Strike Against AT&T; Looms Sunday : Long-Distance Personnel Ready to Walk Out as Talks Stall
The possibility of a nationwide walkout against AT&T; increased Friday as representatives of the Communications Workers of America reported major differences with the company on wages and other issues, with only one day left to negotiate before a strike deadline.
If AT&T;'s 155,000 long-distance operators, installers and repair personnel strike at 12:01 a.m. Sunday, management personnel will step in to provide many of the services customers regularly use, AT&T; spokesman Herb Linnen said.
As he has all week, Linnen late Friday continued to take the optimistic line that a walkout could be averted. But he acknowledged that the negotiations would go to the deadline.
‘On Verge of Strike’
Rozanne Weissman, the Communications Workers’ public relations director, was considerably less upbeat. “There hasn’t been much movement in negotiations,” she said in a telephone interview. “We’re on the verge of a strike.”
The company is also negotiating with the International Brotherhood of Electrical Workers, which represents 40,000 employees. The two unions traditionally honor each other’s picket lines.
Linnen said a strike would bring a halt to AT&T; manufacturing operations at 25 plants in 17 states. He said management personnel would operate 700 phone center stores and nine AT&T; Communications consumer market sales centers.
“If there were a strike, there would be little impact on most customers’ ability to make and receive long-distance calls,” he contended, because AT&T; has a highly automated network. He said 90% of AT&T;'s 33 million daily long-distance calls are dialed directly by customers.
Harder to Get Operator
Linnen acknowledged that there would be greater impact in circumstances where customers need the services of an operator. He said management personnel would be working 12-hour-day, 6-day-a-week shifts in an attempt to keep the system operating during a strike.
The company has a management force of 115,000 to draw from for these duties and other strike-related needs, Linnen said.
Weissman said business customers would be seriously affected by a strike. “Our members build, maintain, install and repair large business equipment,” she said.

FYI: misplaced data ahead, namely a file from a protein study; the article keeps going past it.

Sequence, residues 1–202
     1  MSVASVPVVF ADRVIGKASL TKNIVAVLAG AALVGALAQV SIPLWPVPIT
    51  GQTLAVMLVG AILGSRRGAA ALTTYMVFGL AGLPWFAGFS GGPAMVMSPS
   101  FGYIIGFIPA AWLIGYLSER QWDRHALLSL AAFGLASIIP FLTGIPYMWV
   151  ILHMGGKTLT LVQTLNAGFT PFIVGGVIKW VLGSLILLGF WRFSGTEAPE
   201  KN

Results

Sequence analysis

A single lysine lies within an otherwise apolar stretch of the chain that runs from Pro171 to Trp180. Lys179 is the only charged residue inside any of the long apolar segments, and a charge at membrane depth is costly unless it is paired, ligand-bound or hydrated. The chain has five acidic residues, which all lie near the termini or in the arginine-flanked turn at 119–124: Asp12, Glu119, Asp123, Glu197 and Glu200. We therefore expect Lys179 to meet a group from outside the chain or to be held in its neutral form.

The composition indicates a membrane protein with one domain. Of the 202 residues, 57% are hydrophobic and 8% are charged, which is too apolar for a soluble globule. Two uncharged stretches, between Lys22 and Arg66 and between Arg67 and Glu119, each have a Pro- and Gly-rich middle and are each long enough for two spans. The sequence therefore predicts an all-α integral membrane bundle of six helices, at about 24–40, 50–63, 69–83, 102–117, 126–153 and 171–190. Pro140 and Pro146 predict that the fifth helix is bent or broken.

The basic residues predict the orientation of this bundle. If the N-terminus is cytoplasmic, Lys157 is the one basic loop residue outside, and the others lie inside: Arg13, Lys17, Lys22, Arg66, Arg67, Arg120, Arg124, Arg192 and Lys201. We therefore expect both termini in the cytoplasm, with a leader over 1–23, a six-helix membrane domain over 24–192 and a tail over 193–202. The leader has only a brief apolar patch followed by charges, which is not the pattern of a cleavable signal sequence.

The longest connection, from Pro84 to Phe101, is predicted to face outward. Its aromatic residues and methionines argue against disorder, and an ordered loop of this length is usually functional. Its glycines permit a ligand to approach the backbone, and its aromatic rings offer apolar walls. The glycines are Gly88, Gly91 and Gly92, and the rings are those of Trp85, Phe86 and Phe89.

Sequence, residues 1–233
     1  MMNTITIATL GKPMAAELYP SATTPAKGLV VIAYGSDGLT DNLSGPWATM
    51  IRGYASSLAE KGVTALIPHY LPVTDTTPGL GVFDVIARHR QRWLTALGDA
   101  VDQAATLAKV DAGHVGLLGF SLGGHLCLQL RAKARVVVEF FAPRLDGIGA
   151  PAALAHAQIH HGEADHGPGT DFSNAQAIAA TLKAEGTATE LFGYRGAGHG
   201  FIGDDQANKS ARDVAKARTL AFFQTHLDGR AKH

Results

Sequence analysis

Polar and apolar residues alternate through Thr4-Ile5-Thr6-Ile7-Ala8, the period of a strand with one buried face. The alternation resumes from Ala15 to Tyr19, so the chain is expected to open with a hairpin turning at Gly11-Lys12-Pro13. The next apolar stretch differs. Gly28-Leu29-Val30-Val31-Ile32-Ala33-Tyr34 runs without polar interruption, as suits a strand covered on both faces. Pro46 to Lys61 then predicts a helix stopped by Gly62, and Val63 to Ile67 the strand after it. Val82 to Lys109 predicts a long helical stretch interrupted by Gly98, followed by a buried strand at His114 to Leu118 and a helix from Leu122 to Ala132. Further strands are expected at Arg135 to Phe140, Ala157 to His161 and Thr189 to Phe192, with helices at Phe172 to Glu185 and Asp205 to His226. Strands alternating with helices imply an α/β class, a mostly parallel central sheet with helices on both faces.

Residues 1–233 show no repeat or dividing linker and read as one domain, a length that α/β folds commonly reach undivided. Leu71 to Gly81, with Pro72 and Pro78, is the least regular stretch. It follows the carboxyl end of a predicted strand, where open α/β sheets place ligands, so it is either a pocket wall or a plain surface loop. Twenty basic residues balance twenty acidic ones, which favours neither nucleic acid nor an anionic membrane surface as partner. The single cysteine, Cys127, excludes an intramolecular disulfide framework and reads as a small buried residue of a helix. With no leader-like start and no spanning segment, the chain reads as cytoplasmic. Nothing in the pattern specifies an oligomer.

She acknowledged that AT&T;'s highly automated system would normally reduce the union’s strike leverage. But she said the union was in a stronger position because AT&T; is facing growing competition now that it is operating in a deregulated marketplace.
The negotiations, which started April 2, had not been expected to be this tense. Last year, in early talks on the contract, the union and AT&T; came close to reaching a new agreement. But the negotiations foundered on critical job security issues, which have become increasingly important in the rapidly changing telecommunications industry.
Contract Ended Early
In another move that signified amicable labor relations, Morton Bahr, president of the Communications Workers, announced in February that the union would allow its contract with AT&T; to expire two months earlier than scheduled in hopes of gaining an early agreement before the union began negotiations with the seven regional telephone operating companies that were created as a result of the court-approved divestiture of the Bell system on Jan. 1, 1984.
But, as of late Friday, the union had spurned the company’s offer of a 5% wage increase over three years and was continuing to balk at what Weissman called several “major take-aways” the company was demanding. “We will not accept concessions on health care,” she said. Weissman said the company had made a positive offer on employment security, but she said it was not as substantial as the union wanted.
Last year, 16,800 union members lost their jobs when the company eliminated 24,000 positions and closed the last domestic plant making home telephones, moving that work to Singapore. The union is also trying to prevent the company from subcontracting work that traditionally has been done by its members.
Company representatives have said that AT&T; has to cut costs to compete more effectively with foreign firms and a growing number of non-union companies. But Bahr has noted on a number of occasions that AT&T; is a highly profitable company in a growing industry. AT&T;'s profits were $530 million in the first quarter of 1986.
Union contracts with the regional telephone companies, including Pacific Telesis in California, expire on Aug. 9. Those companies would continue to operate in the event of a strike against AT&T.; However, they could experience some disruption during the first few days of a walkout because, in many instances, they share facilities with AT&T.;